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Germany

Euroskeptic AfD cements place in German politics, for now

Germany's upstart euroskeptics have claimed significant representation in two more state parliaments. The key to the AfD's success has been expanding their policies beyond euroskepticism into popular conservatism.

Nigel Farage, leader of the UK Independence Party, once called them "a bit academic, but very interesting." He might have to be more generous to his German counterparts after Sunday night (14.09.2014).

The Alternative for Germany (AfD), formed just 19 months ago in a small town in Hesse, has now won representation in three German states - all in the east of the country - at the expense of all the established parties, but particularly Angela Merkel's Christian Democratic Union.

The success has buried the mainstream parties' hope that the AfD's failure to secure seats in the federal parliament in the September 2013 general election had condemned the party to political oblivion. Back then, the AfD narrowly failed to clear the five-percent hurdle.

In European elections in May, however, the party took seven of Germany's 96 seats in European Parliament. Two weeks ago in Saxony, and on Sunday in Brandenburg and Thuringia, the AfD respectively snagged 9.7, 12.2 and 12.4 percent of the vote.

Much more than euroskeptics

Elections in Saxony

The AfD is in triumphant mood in eastern Germany

The most striking circumstance of their current success is the fact that Europe's financial crisis - the whole reason why the AfD exists at all - has long since stopped dominating the headlines. When they were formed, the AfD was made up largely of disgruntled conservative economists, like their leader Bernd Lucke, unhappy with Merkel's eurozone policies.

"The euro currency zone has proven to be unsustainable," an early policy statement read. "Southern European states are becoming impoverished under the pressure to compete. Whole states are on the verge of bankruptcy."

Though the media dismissed such views as simplistic, many Germans shared the AfD's basic view of Europe's economic calamity, encapsulated in one of their election slogans last year: "The Greeks are suffering. The Germans are paying. The banks are cleaning up."

The AfD's core policy on Europe was an ordered disbanding of the eurozone and a reintroduction of national currencies - or else "smaller, more stable currency unions." Unlike UKIP, the AfD is not overtly nationalistic - in fact, it shuns comparisons to UKIP and other conservative offshoots like the US Tea Party. It is also not against the European Union as such - but is against centralizing European powers any further.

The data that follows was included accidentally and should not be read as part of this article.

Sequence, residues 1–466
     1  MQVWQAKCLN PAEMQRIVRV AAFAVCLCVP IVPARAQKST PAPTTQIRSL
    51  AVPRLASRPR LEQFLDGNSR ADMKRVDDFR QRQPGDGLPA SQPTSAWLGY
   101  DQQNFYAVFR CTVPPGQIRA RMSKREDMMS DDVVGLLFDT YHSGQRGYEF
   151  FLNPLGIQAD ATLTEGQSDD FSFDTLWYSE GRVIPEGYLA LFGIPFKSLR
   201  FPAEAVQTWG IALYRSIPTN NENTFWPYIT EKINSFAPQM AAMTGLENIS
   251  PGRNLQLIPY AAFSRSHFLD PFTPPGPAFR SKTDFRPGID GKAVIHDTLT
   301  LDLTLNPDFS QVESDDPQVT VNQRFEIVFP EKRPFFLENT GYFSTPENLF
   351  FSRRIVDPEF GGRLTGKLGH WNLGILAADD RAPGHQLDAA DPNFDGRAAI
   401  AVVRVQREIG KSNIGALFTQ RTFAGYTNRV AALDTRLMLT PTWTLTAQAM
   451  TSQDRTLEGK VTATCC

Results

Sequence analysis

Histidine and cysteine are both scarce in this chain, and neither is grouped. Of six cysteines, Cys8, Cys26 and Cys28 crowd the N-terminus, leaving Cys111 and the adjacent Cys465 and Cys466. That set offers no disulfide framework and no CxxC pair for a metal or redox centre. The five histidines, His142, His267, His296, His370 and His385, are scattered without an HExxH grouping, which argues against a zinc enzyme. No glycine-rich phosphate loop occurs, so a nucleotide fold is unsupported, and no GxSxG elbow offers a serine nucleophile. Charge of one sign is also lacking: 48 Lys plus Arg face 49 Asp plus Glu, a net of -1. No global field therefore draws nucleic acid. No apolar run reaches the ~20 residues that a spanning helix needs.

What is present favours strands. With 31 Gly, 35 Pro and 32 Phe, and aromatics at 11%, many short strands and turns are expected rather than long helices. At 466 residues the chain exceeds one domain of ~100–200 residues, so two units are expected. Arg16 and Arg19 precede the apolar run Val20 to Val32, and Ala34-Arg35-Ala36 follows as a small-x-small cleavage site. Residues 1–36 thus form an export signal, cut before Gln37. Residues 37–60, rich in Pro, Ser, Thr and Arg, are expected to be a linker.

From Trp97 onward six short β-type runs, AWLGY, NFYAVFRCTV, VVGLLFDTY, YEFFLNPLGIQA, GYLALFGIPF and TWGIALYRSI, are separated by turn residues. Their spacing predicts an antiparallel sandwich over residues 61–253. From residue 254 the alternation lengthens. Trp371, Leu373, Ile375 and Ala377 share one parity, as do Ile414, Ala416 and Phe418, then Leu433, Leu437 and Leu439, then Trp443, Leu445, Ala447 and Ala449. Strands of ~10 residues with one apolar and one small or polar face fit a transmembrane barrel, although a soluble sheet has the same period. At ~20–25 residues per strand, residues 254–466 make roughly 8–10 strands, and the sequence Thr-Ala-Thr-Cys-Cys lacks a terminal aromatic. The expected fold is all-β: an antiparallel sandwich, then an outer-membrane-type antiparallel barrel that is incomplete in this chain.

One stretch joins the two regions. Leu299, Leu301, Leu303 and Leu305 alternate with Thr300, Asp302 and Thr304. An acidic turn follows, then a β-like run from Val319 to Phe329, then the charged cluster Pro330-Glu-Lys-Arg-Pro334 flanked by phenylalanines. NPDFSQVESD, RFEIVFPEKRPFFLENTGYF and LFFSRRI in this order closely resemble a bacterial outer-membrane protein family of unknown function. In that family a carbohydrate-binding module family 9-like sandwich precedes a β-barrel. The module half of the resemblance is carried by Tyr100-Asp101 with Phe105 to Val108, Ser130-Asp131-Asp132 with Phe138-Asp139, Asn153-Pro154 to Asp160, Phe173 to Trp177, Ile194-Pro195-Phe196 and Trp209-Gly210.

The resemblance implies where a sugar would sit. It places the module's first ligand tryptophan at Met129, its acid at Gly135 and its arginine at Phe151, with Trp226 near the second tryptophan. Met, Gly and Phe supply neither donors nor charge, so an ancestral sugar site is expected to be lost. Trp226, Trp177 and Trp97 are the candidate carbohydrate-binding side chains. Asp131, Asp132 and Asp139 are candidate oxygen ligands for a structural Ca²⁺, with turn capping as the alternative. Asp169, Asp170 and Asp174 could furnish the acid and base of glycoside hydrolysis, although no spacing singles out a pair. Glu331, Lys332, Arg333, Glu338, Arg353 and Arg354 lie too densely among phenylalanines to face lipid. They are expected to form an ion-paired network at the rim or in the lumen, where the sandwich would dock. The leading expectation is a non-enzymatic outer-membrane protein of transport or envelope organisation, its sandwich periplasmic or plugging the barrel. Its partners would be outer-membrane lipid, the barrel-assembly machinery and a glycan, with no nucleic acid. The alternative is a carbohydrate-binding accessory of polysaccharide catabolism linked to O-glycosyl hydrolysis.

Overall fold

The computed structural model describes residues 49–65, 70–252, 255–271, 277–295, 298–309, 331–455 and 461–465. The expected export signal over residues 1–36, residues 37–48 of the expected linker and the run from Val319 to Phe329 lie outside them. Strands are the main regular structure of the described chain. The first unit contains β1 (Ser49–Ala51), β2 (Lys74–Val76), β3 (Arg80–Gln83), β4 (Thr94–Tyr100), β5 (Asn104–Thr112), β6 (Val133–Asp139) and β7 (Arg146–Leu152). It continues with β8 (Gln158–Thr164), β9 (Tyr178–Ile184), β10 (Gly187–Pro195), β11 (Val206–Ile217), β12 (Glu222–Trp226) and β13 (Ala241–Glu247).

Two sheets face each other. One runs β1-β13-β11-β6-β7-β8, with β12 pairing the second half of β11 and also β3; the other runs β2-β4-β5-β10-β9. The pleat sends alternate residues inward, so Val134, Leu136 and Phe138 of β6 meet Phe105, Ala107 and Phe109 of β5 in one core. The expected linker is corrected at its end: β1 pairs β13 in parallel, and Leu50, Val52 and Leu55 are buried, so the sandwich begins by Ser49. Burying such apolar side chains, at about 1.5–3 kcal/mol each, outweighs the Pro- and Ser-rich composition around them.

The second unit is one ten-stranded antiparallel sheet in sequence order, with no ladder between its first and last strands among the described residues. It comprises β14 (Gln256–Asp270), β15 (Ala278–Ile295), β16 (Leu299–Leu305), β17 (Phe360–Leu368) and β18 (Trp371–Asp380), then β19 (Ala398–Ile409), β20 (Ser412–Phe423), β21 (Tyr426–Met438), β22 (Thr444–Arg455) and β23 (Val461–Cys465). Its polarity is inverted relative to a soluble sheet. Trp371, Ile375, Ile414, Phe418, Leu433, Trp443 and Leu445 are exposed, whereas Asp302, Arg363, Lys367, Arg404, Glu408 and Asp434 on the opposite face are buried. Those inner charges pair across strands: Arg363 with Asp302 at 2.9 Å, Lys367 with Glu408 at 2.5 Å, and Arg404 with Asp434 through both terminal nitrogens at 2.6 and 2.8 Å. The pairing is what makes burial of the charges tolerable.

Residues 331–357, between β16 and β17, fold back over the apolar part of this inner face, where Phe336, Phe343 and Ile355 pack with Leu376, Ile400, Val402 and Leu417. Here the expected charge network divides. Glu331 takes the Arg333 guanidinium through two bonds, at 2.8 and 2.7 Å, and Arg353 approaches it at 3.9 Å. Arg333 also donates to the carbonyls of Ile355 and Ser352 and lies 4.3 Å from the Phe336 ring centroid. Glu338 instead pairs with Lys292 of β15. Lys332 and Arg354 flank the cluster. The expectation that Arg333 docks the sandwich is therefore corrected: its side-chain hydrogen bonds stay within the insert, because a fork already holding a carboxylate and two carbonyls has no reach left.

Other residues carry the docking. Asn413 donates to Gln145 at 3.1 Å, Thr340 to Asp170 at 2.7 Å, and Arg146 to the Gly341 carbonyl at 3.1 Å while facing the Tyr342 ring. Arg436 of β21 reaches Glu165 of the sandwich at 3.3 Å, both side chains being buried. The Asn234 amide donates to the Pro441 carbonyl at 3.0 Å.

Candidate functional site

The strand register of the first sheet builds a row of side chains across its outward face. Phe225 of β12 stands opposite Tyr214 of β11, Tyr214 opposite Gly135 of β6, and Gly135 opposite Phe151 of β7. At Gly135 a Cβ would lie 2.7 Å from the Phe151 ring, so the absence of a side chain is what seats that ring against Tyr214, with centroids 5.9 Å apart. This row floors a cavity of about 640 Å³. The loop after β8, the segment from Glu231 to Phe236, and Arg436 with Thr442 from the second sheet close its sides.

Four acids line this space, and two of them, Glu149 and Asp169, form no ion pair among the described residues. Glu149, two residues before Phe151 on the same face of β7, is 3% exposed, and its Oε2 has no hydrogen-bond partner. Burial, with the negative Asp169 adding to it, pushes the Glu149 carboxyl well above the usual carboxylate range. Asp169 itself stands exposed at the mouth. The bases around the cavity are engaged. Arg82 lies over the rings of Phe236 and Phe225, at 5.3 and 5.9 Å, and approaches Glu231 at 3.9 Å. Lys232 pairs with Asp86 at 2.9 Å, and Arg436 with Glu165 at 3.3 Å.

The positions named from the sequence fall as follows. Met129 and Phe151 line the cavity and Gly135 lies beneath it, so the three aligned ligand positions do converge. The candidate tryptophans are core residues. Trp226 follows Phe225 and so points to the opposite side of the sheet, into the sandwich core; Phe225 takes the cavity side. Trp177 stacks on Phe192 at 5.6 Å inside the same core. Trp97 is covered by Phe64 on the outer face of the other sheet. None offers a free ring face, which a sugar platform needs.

New conservatives

Nigel Farage walks outside.

The AfD invites comparison with the British euroskeptics UKIP

And yet both the AfD's origins and development in the last year demonstrate that the AfD is essentially made up of a rebel conservative wing of the CDU, annoyed at Merkel's centrism. Like many upstart parties, the AfD loves to chip away at power of the mainstream parties, and wants to see a radical reform of Germany's democratic system - with a move towards more Swiss-style referendums.

Much like UKIP, the AfD also wants to see massive reforms to the immigration system - particularly to shut out "uneducated" immigrants by blocking them from the welfare system. Such people, Lucke said last year, were in danger of forming "a kind of societal sediment - a sediment that gets stuck in our benefit systems for life."

Those kinds of statements have naturally found an ear among far-right voters, and results in Saxony in particular showed that the AfD won votes from the neo-Nazi National Democratic Party, who were tipped out of the state parliament.

The AfD's conservative populism has been evident elsewhere too. They oppose Germany's transition to renewable energy, on the grounds that it demands too much state-subsidization - "energy production must prove itself on the market," the party website says.

It's still too early to assess whether the AfD has established itself as a party that has permanently changed the political landscape in Germany, or whether, as the mainstream parties claim, the AfD is still just a protest party. Lucke claimed on Sunday night that the election results were a "proof of trust" from the electorate. Their leader in Brandenburg, Alexander Gauland, was more triumphant.

"We have arrived in German politics, and no one will push us out anymore."

The AfD's test now is to see how they handle the responsibility of real representation, and whether they can maintain their momentum for two more years - when the western German states go to the polls.

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